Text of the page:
Traveling families love beautiful the white-sand beaches and warm sunshine in the tropics, but the recent news in Mexico has raised questions about safety for visiting tourists and parents are pausing before booking a resort or purchasing airfare to certain questionable destinations. Yet, at the same time some are wringing their hands and staying home, many families are continuing with their trip plans. “The fact is, more travelers are having amazing and safe vacations than ever before,” says Dan Austin, owner of Austin-Lehman Adventures. According to the Costa Rica Tourism Board, tourism in Costa Rica rose by 4.6 percent in 2011. In Puerto Rico, tourism officials expect a 3 to 4 percent rise in visitors this year (the first increase in five years). Although some of the increase is due to an economic uptick, it’s mostly due to the reluctance of families to give up their vacations unless there’s a very, very good reason.
“We are not afraid to take our children anywhere,” declares Andrea Fellman, founder of SavvySassyMoms and mother of two. She has taken her family to Costa Rica, Mexico and many other resort destinations. “No place is really off limits to us so the Caribbean, Jamaica and Puerto Rico are all possibilities.” Families are naturally attracted to warm, sunny relaxing destinations like Bermuda, the Caribbean Islands, Costa Rica, Puerto Rico, Hawaii and of course, Mexico. And in general, says Irene Lane of Greenloons, an eco-travel services company specializing in family vacations, “they are terrific places to go. These destinations enjoy good reputations as family-friendly regions with lots of fun and educational activities, including heritage tours, biking, camping, snorkeling, swimming and eco-certified hotels.”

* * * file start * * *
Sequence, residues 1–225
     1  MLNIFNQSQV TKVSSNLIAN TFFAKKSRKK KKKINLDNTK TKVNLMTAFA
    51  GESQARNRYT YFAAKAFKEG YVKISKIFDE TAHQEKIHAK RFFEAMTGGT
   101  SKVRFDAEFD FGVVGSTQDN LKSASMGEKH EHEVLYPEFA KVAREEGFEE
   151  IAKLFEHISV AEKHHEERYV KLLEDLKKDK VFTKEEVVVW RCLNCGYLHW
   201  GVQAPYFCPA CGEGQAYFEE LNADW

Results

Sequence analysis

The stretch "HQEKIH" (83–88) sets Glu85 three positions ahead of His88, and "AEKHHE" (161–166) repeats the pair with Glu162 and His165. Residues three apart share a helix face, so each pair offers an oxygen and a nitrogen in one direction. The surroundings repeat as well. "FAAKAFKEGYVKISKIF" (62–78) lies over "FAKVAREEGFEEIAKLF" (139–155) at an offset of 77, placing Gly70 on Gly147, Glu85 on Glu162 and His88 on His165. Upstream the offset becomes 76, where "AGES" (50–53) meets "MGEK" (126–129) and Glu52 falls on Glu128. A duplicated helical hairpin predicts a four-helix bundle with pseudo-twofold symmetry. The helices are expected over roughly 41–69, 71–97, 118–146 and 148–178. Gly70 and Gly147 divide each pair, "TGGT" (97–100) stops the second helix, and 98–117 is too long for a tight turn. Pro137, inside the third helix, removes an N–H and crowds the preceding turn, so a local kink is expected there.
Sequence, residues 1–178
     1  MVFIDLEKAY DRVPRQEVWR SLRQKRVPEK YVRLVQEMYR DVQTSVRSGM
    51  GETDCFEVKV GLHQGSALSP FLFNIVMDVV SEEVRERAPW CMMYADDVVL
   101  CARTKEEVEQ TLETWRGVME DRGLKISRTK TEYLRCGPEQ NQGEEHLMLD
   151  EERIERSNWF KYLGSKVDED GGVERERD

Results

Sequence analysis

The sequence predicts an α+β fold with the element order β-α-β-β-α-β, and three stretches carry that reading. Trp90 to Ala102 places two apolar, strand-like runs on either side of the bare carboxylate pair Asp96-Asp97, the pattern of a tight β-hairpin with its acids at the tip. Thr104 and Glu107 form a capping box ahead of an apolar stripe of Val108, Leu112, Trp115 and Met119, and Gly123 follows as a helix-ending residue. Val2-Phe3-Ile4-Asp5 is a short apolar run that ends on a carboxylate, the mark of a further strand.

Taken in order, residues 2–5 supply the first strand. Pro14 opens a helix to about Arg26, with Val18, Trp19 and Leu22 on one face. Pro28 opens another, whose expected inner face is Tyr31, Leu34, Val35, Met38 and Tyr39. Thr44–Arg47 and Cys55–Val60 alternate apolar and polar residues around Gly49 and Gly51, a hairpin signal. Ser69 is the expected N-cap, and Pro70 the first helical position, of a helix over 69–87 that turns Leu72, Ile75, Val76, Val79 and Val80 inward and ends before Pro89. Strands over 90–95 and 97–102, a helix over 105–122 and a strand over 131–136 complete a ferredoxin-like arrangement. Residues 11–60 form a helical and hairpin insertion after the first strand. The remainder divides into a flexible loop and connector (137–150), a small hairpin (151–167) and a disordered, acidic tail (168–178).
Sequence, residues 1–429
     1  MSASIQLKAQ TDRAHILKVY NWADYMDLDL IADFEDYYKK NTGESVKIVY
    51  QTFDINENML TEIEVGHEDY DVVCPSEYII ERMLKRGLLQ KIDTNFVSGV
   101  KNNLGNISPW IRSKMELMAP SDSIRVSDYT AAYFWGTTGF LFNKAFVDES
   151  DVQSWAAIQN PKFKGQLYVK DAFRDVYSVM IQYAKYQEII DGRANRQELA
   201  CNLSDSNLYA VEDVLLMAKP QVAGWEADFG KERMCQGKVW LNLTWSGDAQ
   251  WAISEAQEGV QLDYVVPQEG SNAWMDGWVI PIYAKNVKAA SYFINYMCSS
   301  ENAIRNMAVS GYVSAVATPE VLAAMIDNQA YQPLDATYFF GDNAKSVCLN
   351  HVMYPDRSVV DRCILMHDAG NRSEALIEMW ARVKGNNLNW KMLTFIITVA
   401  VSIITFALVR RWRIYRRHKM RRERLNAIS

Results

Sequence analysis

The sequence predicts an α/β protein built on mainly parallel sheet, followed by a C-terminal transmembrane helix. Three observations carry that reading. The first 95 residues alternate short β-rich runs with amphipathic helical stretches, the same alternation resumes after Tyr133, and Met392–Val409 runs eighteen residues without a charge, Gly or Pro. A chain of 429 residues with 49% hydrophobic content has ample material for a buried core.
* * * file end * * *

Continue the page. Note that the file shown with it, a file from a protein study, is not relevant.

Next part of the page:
So, regardless of the “safe versus not safe” debate on travel, parents continue to look forward to their resort vacations and want to do everything they can to assure that their trip goes well, their children are safe and healthy, and their possessions are protected. And while nothing can guarantee a problem-free vacation, taking a few practical steps beforehand and exercising caution during your trip can prevent most troubles.
How Safe is the Country I’m Visiting
When planning a trip to Mexico or the islands, parents anxiously watch the news for any kind of unrest; if they see a country placed on the “danger list,” they cancel plans or at the very least, stay on resort property at all times. But travelers are unreasonable when they do this, says Dan Austin. “In my opinion, it’s a disservice to blindly put some countries on the danger list because of a few incidents in isolated regions or cities. Travelers need to do their own research.”